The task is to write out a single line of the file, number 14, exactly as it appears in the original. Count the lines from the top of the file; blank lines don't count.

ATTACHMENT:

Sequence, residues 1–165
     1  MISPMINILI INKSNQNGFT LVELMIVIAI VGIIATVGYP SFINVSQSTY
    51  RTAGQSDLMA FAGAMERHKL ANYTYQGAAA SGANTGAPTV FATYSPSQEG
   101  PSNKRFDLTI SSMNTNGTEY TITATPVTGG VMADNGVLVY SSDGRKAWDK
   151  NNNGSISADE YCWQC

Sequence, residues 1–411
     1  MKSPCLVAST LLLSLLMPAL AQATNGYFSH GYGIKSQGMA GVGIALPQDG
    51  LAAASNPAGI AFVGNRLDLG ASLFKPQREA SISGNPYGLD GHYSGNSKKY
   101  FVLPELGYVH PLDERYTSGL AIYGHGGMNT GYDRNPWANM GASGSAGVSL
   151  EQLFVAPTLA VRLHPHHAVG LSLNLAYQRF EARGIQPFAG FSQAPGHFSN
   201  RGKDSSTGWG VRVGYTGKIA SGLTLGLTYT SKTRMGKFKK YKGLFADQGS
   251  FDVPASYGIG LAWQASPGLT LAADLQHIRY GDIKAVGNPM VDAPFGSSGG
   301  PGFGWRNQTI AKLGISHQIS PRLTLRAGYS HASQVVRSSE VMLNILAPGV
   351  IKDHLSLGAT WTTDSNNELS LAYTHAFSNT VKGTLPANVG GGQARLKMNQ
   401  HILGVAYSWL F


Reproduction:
   351  IKDHLSLGAT WTTDSNNELS LAYTHAFSNT VKGTLPANVG GGQARLKMNQ